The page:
On Wednesday, at 76 years old, he died of COVID-19.
He had been self-isolating for a week when he was taken to hospital and died 24 hours later in the intensive care unit.
His family said they were “heartbroken” by his death, in a statement.
Christine Playle, 73, one of Zaidi’s former patients on whom he performed minor surgery less than three weeks before his death, said she was “shocked and saddened”.
“Dr Zaidi was a very well-liked and respected doctor and was the embodiment of what everyone looks for in their GP – kind, caring, friendly and jolly,” she told Al Jazeera.
“He was a dedicated GP, and that dedication cost him his life.”
In accordance with distancing restrictions, only his immediate family attended his funeral. His widow has now gone into self-isolation.
Adil El Tayar – A consultant who gave his life volunteering in emergency
Adil El Tayar, an NHS surgeon, died on March 25, aged 64.
An organ transplant consultant, he graduated from the University of Khartoum in 1982.
El Tayar had been working at Hereford County Hospital in the west of England as a volunteer in the emergency department amid the pandemic, where his family believes he caught the virus.
He began to self-isolate when he displayed symptoms but was eventually hospitalised and placed on a ventilator.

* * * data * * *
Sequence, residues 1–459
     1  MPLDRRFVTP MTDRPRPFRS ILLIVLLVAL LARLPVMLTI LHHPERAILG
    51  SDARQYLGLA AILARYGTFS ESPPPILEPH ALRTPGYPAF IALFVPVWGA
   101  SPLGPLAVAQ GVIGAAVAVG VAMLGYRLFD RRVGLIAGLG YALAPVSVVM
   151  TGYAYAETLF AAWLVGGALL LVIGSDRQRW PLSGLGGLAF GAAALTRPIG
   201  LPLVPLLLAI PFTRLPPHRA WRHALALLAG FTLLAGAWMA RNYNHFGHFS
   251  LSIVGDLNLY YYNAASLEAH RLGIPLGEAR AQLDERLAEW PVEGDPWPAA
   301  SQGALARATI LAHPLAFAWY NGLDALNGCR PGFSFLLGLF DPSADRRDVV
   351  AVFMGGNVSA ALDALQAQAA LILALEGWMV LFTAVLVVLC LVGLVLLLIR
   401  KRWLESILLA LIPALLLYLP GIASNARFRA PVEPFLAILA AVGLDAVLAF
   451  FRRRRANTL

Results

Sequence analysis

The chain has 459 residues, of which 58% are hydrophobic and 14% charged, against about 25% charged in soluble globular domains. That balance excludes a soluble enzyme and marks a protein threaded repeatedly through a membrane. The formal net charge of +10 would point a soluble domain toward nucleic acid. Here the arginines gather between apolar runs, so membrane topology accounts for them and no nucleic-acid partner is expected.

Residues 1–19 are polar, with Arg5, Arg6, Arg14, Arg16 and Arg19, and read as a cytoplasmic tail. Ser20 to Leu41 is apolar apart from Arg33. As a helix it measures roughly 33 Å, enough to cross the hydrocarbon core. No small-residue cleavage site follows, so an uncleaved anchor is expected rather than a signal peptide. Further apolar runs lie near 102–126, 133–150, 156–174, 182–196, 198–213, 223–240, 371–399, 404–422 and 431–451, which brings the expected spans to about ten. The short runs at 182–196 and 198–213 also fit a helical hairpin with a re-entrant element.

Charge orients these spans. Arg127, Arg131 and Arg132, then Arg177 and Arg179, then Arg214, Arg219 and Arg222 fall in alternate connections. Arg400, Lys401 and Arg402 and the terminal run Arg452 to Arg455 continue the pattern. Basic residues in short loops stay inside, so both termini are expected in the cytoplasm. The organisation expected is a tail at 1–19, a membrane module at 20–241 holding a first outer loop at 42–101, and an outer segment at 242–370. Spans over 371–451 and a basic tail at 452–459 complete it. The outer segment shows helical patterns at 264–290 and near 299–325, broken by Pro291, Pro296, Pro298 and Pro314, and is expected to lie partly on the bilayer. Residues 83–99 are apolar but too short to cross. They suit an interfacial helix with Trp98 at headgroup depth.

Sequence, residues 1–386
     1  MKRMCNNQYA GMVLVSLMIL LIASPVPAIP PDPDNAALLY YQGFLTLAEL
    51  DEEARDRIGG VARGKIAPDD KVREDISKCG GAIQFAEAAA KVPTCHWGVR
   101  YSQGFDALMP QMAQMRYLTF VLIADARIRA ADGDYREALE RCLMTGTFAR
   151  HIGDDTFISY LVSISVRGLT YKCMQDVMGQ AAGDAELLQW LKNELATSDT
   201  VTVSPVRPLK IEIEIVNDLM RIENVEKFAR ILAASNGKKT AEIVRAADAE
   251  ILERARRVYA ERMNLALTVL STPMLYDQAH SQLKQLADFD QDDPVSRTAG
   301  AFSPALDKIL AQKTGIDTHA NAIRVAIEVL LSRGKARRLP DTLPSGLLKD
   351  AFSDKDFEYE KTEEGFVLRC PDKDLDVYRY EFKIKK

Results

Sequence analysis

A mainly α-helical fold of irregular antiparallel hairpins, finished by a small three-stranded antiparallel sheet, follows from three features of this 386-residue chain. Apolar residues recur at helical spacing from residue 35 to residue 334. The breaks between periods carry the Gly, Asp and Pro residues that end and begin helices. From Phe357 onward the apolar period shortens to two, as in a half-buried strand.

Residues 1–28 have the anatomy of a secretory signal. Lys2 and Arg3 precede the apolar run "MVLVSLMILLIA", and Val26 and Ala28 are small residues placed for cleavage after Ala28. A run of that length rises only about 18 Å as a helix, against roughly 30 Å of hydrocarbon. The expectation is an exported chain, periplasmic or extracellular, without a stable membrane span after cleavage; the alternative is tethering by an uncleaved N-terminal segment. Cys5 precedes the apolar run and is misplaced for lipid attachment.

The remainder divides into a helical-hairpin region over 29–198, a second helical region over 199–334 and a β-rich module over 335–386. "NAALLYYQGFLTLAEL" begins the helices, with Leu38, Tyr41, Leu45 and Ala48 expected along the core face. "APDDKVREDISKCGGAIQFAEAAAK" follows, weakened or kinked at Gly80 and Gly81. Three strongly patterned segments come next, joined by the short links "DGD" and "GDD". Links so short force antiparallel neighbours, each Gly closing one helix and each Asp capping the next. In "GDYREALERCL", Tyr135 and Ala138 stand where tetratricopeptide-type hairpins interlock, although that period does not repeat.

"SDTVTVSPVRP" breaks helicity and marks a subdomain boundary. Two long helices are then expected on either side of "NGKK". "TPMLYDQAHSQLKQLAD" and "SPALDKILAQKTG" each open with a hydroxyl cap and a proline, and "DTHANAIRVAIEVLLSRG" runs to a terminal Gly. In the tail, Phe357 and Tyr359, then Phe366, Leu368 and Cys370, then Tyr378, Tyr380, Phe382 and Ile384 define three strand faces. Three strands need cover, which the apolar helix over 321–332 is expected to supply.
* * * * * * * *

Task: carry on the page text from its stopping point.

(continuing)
The British ambassador to Sudan, Irfan Siddiq, paid tribute to the father of four on Twitter and thanked healthcare workers everywhere for showing “extraordinary courage”.
BBC journalist Zeinab Badawi, his cousin, said: “He wanted to be deployed where he would be most useful in the crisis.
“It had taken just 12 days for Adil to go from a seemingly fit and capable doctor working in a busy hospital to lying in a hospital morgue.”
His funeral is being arranged this week.
Alfa Sa’adu – A veteran doctor whose face lit up talking about medicine
Alfa Sa’adu, who was born in Nigeria, worked with the NHS for nearly 40 years. He died on Tuesday aged 68 after a two-week battle with the virus.
Having retired, he was volunteering at the time of his passing.
Born in Nigeria, Sa’adu began his medical career as a consultant physician in geriatric medicine when he came to London and graduated from the University College Hospital Medical School in 1976.
He went on to become a medical director.
Sa’adu’s son Dani told Al Jazeera: “He was a very passionate man, who cared about saving people. As soon you spoke to him about medicine his face would light up. He worked for the NHS for nearly 40 years in different hospitals across London.
“He loved to lecture people in the world of medicine, he did so in the UK and Africa. My dad retired and was working part time at the Queen Victoria Memorial Hospital in Welwyn, Hertfordshire until his passing. He was a massive family man and we did everything together, family came first. He left two sons and a wife, who is a retired doctor herself.”
The former president of the Nigerian Senate, Bukola Saraki, paid tribute to Sa’adu on Twitter, saying he provided “leadership for our people in the diaspora”